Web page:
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Old 12-26-2012, 06:34 PM   #21
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No dip tube required. Not cutting into keg for fittings. Get just about ever last drop out of system. would be good for CIP as it will all drain out.

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Old 12-26-2012, 06:40 PM   #22
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I like my kettles, tri clad bottom, welded fittings, big opening without jagged hand cut edges, easy to clean out grain, not limited to 10 gallons.
Tri-clad bottoms have been shown to be of virtually no benefit in our application. For a slow cook/simmer, yes, but not for a hard boil If anything, they retain more heat for longer, making for longer chill times. Welded fittings are 100% personal choice. A weldless fitting is more flexible, since you can easily change what's in it. Once you have a fitting welded in, it'd done (unless you go through the PITA process of removing it). Plus, you need to make larger holes for welded fittings (typically). Not sure where you've seen "jagged hand cut edges" on keggles, but mine are nice and smooth/even with nothing to cut you on. I take my time and use a good right angle grinder (with a good disc) to make my cuts. Proper tools, and knowing how to use them, is important. Actually, critical for any DIY project. 1 point for a kettle (full opening) being easier to dump out grain from. BUT, that's not really an issue for most of us.

The cost savings you can have when going with keggles, over kettles, can be significant. I could probably outfit two, or three, keggles for what you'll pay for a single kettle. Both in stainless steel, kettle at least 1mm thick (to closely match the keggle).

As for being 'limited to 10 gallons'. Well, I can get ~12 gallons out of my boil keggle, depending on the recipe. Since the largest fermenting vessel I have holds up to 13.3 gallons, that's just fine. My normal batch size is 6.75-7.25 gallons into fermenting vessel, which is no issue in the keggle. With the amount I saved going this route, it easily offsets being 'limited' to working within my current fermenting vessel capacities. IF/when I have need to make larger batches, I'll be exploring kettles (can't get kegs in full barrel batch sizes ).

BTW, if the OP does go inverted, then he can cut the opening so that it's full diameter. That eliminates the difference in dumping out a keggle mash tun...
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Old 12-26-2012, 07:27 PM   #23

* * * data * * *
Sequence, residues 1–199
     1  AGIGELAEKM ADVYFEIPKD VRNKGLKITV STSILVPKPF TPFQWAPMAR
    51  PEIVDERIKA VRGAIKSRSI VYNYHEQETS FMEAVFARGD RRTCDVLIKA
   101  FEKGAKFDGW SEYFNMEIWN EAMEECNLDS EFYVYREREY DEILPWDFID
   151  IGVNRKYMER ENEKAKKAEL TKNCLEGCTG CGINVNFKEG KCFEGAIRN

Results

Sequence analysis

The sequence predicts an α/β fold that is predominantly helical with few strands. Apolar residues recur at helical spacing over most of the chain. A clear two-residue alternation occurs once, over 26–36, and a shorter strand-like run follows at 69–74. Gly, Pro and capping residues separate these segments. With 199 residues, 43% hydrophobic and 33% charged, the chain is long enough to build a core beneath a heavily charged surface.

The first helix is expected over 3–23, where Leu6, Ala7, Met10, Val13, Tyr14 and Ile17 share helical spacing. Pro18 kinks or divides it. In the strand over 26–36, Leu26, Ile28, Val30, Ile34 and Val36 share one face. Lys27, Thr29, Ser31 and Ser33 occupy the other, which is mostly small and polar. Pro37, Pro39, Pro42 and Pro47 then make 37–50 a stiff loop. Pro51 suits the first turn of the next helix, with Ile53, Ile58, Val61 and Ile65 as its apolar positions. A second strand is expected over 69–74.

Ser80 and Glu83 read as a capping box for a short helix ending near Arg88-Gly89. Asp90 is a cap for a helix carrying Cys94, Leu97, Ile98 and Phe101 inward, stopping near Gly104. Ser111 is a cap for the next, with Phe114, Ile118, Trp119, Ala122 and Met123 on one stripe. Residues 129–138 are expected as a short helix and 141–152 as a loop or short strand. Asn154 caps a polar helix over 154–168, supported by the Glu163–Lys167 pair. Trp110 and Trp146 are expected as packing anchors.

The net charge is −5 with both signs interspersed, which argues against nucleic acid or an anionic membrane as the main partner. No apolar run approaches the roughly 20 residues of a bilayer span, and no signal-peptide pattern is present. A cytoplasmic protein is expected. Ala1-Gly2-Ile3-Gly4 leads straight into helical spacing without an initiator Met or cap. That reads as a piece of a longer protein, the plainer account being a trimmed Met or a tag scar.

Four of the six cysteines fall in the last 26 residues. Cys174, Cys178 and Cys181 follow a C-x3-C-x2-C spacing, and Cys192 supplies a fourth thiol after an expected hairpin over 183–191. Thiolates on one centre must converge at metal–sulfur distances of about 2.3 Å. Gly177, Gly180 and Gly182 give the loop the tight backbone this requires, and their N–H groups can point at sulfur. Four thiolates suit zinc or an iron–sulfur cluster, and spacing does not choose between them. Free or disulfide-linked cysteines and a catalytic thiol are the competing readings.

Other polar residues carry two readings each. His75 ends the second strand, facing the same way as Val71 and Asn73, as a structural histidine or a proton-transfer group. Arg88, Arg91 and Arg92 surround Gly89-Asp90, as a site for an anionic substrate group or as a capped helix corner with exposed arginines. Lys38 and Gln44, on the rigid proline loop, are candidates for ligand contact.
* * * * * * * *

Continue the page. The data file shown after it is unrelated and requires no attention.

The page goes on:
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Good post golddig. I could really see the inversion as a great fermenter. I actually love the idea.

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Old 12-26-2012, 07:33 PM   #24
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Good post golddig. I could really see the inversion as a great fermenter. I actually love the idea.
No need to invert. I use mine standing normally, and just use fittings (I've either designed or created) to extract with a CO2 push. No need to modify it to give room for a dump valve, and such, that way.

That reminds me, I need to push the ESB out of a fermenting keg and clean it up. Got a total of 5 tall 1/4 barrel kegs to use now (for my beer batches) and about 8 1/6 for my mead batches. Plus the 50L keg. Need to give my basement brewery setup it's maiden run and see how well it does.
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Old 12-26-2012, 11:30 PM   #25
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I decided to invert, cut the bottoms and attached legs and casters to make cleaning a bit easier. I just roll them outside and rinse them with the hose. All three vessels are bottom drain, only have a pic of the boil on my phone.

image-2733342473.jpg

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Old 12-27-2012, 07:59 AM   #26
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I decided to go with Kettles vs Kegs for one main reason. I like the way they look better. Nothing against using kegs, as I have seen a lot of good brew rigs use them. I personally dont like the look of a keg as a pot and since im gonna spend several hours a week looking at these while I am brewing, i want to be happy with the setup im looking at while brewing. I know it seems a little picky of a consideration, but i have found that the stuff I make tends to either look good and im happy with it and i keep it the way it is, or if its something that works great but doesnt look as nice I tend to get the urge to change it again and thus spend more money.